If you look at these two unboxing videos you will see just how speedy the device is. This is the biggest plus point of the phone. Android feels natural. There is little in the way of lag, in fact I might be so bold to say that I have yet to experience any lag. the odd loading screen but nothing unexpected. A click of an icon and your application is right there. Simply stunning. Even though the processor runs at 768mhz and the 1ghz processor are about to take over the market, this device just nails Android. Fast and stable.

Some of the more perceptive will notice the device has done away with some of the usual suspects when it comes to operating buttons. Gone is the d-pad or trackball as well as the two call buttons. Instead the Acer dares to rely on the screen from most functions. The four buttons we are left with are mostly non-standard function buttons. The Square is a home button, the search button is the only standard here, a back button is pretty handy and the menu button is maybe a little more unrecognisable.
A small problem is that these buttons are touch sensitive, as oppose to being clicky buttons.The only light up when you touch them so using them an night can be problematic especially when you accidentally hit the back button instead of menu.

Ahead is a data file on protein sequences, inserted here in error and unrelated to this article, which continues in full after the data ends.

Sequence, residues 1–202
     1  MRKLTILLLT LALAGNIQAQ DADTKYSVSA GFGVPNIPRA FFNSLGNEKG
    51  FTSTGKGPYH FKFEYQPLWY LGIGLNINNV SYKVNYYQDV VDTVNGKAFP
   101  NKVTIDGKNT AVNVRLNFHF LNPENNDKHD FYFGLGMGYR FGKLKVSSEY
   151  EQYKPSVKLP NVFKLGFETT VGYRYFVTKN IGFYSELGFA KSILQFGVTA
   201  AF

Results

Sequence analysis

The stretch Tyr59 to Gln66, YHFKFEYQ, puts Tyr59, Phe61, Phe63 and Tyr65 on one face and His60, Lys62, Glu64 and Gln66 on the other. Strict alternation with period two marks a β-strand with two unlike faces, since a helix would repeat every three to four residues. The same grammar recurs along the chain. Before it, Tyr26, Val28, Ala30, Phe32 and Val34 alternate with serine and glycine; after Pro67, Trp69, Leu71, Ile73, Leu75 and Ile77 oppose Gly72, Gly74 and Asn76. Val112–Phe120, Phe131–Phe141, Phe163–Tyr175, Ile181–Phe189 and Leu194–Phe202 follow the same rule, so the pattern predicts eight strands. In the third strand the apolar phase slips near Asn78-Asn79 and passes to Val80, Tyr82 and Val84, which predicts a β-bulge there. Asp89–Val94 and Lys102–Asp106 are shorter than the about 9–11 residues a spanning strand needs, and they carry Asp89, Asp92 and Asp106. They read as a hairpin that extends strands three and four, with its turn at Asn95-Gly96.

The screen is beautifully sensitive. Acer has for some reason down played the capacitive display which is odd. I’m quite taken by it, even though it does not have that glass quality feel of the iPhone it manages to still feel solid and responsive.

Battery life is so-so, I’m still in the honeymoon period and the phone has stood up to moderate – heavy usage each day. I don’t make that many phone calls however I would have Twitter set to check every 5 minutes and probably spend about 2 hours interacting with the net in some shape of form. The battery is generally on about 30% by the end of the day. However, it’s interchangeable so it may not be the biggest concern.

All good so far, what’s the problems? Well, there are three.

First. The quality of the camera is pretty awful. I’m shock this is marketed as a 5.0 megapixel. Of course, megapixel isn’t the best way to grade a camera. The pictures here are from a trip to a petting zoo, in the middle of the afternoon, might have be a little over cast but the light levels were ample of a few snaps. The camera was slow to focus, slow to snap and the output was pretty murky. This was on auto and no end of fiddling would help improve these shots.

2009-12-12 15.53.03 2009-12-12 15.53.27 2009-12-12 15.55.30 2009-12-12 15.56.01 2009-12-12 15.56.38 2009-12-12 15.34.42  2009-12-12 15.38.46  2009-12-12 15.40.29 2009-12-12 15.40.46 2009-12-12 15.41.41       2009-12-12 15.49.07